Wake and Bake: Popovers

Carrie Vasios

I believe my friends would have done well in Roman times, when lounging and theorizing were the popular activities of the day. They will happily argue over any topic, from when it's appropriate to use the word "delightful," to the length to which a girl's shirt should fall over her rear if she is sporting leggings as pants. The fun isn't in the answer, it's in the discourse, and the truth is that most of the arguments end with no one persuaded to take the other side. (3/4 backside coverage, please.)

One of my favorite long-standing arguments is that of popovers versus Yorkshire pudding. This discussion first happened (loudly) at a restaurant, when they appeared at our table as part of a pretty stellar bread basket. One friend claimed that popovers are simply "individually portioned Yorkshire pudding" which prompted someone else to counter that no, the two are the exact same thing. Most people had never heard of Yorkshire pudding, which led them to believe that the two baked goods must be completely different. Personally my mouth was too full doing a taste-test to chime in.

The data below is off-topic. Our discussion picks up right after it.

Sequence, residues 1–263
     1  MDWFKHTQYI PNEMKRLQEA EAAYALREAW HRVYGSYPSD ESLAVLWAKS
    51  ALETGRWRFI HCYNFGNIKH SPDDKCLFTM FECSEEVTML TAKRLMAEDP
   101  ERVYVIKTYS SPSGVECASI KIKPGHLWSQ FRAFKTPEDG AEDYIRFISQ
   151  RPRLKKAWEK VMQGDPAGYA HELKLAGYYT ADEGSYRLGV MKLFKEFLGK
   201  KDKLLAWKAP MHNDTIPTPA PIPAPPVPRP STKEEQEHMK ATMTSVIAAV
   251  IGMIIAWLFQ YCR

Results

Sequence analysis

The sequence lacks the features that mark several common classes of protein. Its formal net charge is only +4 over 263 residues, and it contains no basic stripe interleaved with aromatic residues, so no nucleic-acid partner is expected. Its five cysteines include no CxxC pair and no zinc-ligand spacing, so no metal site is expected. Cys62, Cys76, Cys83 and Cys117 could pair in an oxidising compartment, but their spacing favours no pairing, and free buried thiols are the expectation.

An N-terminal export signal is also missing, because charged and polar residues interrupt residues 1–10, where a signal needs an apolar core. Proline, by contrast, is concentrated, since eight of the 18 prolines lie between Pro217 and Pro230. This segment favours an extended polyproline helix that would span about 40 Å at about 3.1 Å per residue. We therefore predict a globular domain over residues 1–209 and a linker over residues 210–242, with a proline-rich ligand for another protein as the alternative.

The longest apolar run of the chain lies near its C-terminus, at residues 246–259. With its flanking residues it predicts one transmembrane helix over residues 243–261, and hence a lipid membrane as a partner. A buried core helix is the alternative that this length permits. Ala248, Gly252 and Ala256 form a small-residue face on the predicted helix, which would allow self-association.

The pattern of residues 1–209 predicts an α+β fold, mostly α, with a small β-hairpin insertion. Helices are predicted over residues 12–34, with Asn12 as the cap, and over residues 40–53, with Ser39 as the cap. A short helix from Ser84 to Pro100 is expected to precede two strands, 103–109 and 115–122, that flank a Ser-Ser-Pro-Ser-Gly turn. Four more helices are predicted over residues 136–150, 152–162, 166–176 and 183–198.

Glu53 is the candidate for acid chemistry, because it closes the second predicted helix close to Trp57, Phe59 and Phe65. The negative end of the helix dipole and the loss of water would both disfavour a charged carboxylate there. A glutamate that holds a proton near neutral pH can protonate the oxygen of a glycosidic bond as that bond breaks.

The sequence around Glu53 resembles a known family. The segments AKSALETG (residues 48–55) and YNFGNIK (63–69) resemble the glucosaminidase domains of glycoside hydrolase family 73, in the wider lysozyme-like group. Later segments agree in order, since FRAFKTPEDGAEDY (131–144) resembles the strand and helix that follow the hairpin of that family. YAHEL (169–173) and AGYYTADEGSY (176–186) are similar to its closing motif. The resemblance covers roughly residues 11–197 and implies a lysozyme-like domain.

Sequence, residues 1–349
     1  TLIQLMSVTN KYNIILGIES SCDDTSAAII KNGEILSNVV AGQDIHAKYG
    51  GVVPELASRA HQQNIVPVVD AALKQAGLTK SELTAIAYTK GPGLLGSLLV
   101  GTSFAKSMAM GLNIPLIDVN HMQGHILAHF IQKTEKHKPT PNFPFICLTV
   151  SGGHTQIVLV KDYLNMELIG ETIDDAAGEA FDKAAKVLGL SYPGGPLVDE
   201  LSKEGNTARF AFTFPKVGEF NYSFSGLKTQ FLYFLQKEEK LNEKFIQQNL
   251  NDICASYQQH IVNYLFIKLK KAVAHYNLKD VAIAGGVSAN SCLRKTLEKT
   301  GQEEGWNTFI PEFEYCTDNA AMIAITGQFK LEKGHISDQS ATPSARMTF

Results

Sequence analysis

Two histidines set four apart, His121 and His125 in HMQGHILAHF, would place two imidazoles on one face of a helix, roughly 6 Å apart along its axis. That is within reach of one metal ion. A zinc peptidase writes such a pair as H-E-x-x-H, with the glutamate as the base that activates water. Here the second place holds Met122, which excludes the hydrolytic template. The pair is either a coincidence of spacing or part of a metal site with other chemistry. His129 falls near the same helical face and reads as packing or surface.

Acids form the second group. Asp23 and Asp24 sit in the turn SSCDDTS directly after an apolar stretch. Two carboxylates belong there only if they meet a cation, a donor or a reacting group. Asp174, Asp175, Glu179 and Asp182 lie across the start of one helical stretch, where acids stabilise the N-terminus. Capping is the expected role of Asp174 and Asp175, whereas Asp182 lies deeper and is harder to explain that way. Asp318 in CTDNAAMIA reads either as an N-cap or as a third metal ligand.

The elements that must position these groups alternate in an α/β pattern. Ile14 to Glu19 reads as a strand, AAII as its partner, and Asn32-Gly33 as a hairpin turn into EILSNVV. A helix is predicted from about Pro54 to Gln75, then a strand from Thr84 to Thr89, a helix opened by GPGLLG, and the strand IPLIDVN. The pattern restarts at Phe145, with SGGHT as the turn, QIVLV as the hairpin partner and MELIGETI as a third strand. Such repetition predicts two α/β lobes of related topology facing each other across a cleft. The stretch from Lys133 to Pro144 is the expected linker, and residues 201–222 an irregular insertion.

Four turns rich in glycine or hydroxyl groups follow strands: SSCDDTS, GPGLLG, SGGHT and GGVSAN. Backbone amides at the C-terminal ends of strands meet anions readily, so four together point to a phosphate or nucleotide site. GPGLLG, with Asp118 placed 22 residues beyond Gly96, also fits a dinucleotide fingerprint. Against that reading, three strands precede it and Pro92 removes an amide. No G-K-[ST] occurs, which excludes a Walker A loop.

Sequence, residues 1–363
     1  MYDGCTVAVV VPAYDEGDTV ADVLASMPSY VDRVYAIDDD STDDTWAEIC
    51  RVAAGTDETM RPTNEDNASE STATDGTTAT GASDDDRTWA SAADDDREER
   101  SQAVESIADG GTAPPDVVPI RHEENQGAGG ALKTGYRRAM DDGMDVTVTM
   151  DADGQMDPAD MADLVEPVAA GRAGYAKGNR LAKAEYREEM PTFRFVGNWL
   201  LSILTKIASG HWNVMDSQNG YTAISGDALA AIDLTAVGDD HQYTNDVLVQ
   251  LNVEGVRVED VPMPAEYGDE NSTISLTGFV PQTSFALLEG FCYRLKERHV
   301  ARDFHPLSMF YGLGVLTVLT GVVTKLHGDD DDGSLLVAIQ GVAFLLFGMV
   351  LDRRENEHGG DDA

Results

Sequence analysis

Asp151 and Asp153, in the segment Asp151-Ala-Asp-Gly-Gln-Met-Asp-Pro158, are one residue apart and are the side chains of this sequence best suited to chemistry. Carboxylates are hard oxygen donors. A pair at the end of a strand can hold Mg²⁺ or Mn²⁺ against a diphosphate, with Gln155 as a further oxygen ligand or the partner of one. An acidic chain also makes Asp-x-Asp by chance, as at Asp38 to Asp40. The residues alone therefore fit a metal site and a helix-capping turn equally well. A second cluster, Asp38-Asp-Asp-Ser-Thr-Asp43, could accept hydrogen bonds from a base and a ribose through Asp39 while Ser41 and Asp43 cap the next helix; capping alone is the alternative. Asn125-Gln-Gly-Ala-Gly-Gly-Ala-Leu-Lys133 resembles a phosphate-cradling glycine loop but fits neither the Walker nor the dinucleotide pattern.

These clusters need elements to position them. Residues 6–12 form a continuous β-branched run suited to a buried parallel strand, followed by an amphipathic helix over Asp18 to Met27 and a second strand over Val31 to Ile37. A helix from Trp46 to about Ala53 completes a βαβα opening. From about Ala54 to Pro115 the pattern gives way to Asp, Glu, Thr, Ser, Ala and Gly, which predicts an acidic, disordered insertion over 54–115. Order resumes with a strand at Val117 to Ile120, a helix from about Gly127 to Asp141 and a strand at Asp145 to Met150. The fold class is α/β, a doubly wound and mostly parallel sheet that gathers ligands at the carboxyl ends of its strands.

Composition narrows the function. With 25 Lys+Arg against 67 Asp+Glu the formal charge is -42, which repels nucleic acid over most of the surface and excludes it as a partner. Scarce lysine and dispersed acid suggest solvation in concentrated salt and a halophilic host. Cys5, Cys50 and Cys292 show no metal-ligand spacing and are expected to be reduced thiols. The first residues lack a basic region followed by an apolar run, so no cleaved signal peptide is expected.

The internet leans towards the similar-yet-different answer. Mark Bittman pinpoints beef drippings as the difference (Yorkshire pudding uses them for flavoring) while Wikipedia explains that the difference is geographical (popovers are an American twist on Yorkshire pudding.)

Because I don't have a definitive answer, I'll say this: I love popovers, and if popovers are Yorkshire pudding, then I love Yorkshire pudding too. But who doesn't? These are dinner rolls times ten. They're airy, eggy, and buttery. The golden outside crust pulls away to reveal a slightly custardy interior. Like muffins, they have a distinct top and bottom, which makes them fun to eat. The flavor is much more complex than plain bread: it's a little salty and more than a little buttery. They're also insanely simple to make. I promise that buying the popover pan is the hardest part of the whole endeavor.